Review: The Brexit Club

Kev Macleod gives three stars to "Substance and Shadows" new show regarding the divisive EU vote

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We could be forgiven for forgetting that somewhere, amongst the fog of the Brexit headlines and the smog of the Farage drivel: o cleverly designed to numb and confuse, we are still- albeit slowly and awkwardly- exiting the European Union. Yet, there I was sat at the Cygnet Theatre watching comedy duo ‘Substance and Shadow’, with their performance of ‘The Brexit Club’, take me back to that infamous decision day on 23rd June 2016. So why now? Within the answer lies the central downfall of the evening’s entertainment: despite a strong effort to play a number of characters and moments of witty humour, it lacks the originality to go beyond anything we have heard before.

It is lunchtime in the canteen of Pollards Pickles factory as cousins Len Silver (Nathan Simpson) and Melvyn Gould (Midge Mullin) are at the centre of a fierce debate. Sid’s Vishnu’s (also Nathan Simpson) lentil, dahl and Don Beattie’s (also Midge Mullin) bangers and mash are emblems of a nation divided! Tensions are high as opinions are divided over whether or not to vote and more importantly, remain or leave? It is this question that runs throughout and steers the narrative. As Melvyn toys with the idea of asking Polish canteen worker Magda on a date and Len, whilst attempting to make a friend amongst the union seniors, eagerly awaits his employment hearing, it will be their decisive Brexit vote that ultimately dictates their future.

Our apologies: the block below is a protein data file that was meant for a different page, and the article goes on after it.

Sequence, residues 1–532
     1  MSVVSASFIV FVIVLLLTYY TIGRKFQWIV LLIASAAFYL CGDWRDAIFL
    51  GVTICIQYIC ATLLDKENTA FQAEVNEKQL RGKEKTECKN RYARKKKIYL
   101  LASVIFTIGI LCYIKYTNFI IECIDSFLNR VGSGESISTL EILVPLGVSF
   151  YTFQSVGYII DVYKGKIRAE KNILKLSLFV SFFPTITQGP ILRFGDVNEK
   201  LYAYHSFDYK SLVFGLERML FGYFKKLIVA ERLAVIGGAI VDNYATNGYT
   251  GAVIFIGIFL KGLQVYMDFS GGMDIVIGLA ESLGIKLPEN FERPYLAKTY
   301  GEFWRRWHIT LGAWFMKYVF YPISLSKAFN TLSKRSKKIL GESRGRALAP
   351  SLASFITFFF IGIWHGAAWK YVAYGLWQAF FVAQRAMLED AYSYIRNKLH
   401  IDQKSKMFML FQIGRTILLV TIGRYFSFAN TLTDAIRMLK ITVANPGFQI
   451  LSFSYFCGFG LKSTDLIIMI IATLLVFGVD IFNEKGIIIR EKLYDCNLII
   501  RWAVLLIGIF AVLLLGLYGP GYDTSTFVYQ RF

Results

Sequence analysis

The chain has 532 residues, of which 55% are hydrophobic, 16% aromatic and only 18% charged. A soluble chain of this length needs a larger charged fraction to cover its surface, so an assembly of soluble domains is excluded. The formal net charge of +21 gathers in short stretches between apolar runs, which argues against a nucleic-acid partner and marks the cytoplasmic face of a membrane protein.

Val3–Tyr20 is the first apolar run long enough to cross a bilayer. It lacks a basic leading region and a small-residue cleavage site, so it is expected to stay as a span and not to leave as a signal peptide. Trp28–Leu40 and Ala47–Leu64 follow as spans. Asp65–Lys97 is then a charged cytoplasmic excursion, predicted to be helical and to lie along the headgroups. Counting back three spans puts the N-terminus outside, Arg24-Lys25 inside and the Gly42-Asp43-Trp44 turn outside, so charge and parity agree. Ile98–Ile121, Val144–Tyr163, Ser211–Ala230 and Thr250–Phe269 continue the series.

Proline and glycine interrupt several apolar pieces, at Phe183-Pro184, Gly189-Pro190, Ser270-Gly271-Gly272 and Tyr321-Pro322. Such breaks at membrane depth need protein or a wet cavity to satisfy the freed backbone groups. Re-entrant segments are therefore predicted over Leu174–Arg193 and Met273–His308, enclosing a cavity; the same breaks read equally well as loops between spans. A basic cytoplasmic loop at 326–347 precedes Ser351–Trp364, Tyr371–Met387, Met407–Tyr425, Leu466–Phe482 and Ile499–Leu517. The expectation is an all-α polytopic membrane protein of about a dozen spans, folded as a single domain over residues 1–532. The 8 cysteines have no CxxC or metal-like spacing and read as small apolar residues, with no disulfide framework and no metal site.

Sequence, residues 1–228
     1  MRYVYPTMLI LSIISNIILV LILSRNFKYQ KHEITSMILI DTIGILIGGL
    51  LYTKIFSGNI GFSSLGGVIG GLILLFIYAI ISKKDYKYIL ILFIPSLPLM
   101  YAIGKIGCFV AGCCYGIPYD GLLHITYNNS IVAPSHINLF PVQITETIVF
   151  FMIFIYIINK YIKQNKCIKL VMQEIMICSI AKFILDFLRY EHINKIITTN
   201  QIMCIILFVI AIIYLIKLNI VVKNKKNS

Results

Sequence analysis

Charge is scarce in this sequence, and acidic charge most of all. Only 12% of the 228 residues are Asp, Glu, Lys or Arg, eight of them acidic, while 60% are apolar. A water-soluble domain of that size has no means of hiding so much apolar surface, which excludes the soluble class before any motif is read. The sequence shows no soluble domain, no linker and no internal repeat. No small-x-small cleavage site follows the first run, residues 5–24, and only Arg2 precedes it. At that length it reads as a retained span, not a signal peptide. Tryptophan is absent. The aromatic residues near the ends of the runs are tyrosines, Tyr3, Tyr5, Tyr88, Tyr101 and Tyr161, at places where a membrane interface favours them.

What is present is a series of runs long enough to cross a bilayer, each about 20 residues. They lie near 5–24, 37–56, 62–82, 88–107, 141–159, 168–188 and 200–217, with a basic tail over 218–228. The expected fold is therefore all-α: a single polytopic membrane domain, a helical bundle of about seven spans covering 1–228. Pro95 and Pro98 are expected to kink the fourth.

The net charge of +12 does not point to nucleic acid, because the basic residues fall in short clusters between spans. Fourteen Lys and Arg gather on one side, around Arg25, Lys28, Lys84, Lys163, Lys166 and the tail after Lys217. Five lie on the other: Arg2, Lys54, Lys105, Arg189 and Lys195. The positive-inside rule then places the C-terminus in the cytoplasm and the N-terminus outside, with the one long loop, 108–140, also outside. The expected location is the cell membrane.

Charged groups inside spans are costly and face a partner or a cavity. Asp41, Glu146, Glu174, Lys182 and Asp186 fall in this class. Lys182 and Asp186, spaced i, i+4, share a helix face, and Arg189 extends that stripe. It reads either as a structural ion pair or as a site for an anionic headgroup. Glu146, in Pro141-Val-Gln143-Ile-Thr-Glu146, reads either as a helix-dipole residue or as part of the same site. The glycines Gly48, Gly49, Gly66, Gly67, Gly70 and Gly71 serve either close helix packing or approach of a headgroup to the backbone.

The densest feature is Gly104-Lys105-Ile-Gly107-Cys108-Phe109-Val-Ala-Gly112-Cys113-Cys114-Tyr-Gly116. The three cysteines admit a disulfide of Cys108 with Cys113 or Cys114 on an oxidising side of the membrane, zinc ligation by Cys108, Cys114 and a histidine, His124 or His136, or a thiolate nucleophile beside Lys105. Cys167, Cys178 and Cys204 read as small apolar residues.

it lacks the originality to go beyond anything we have heard before

Original and unique – perhaps not, but not all the dialogue between this dynamic couple is lost on the audience. Early on, Len and Melvyn draw parallels between the Brexit vote and Roy Hodgson’s calamitous Euro 2016 exit, poke fun at the empty NHS promises and satirise right-wing views on immigrants. The two of them clearly did enough to make light of the situation, the audience was scattered with mumbled sniggers and hushed laughter. At one point a rhetorical “Boris Johnson –  Twat or genius?” was asked, one lady felt necessary to loudly respond with the former.

dynamically changing subtle props and executing alternative accents with great success

The performance concludes with its best passage as Simpson and Mullin create a quick-witted conversation between four characters, dynamically changing subtle props and executing alternative accents with great success. Their timing and precision wrap up proceedings in style. It is testimony to their chemistry that an audience can be so receptive to a production that utilises so little variation in set and props. The performance concludes by perfectly summing up the confused nature and spirit of the British people after the results come in. Just as Len and Melvyn contemplate the outcome, us too in the audience are left to reflect on the year.  Glorious Britannia, which was meant to be sailing home to the halcyon days of self-determination and national pride has left nothing but bitterness and division in its wake.

 

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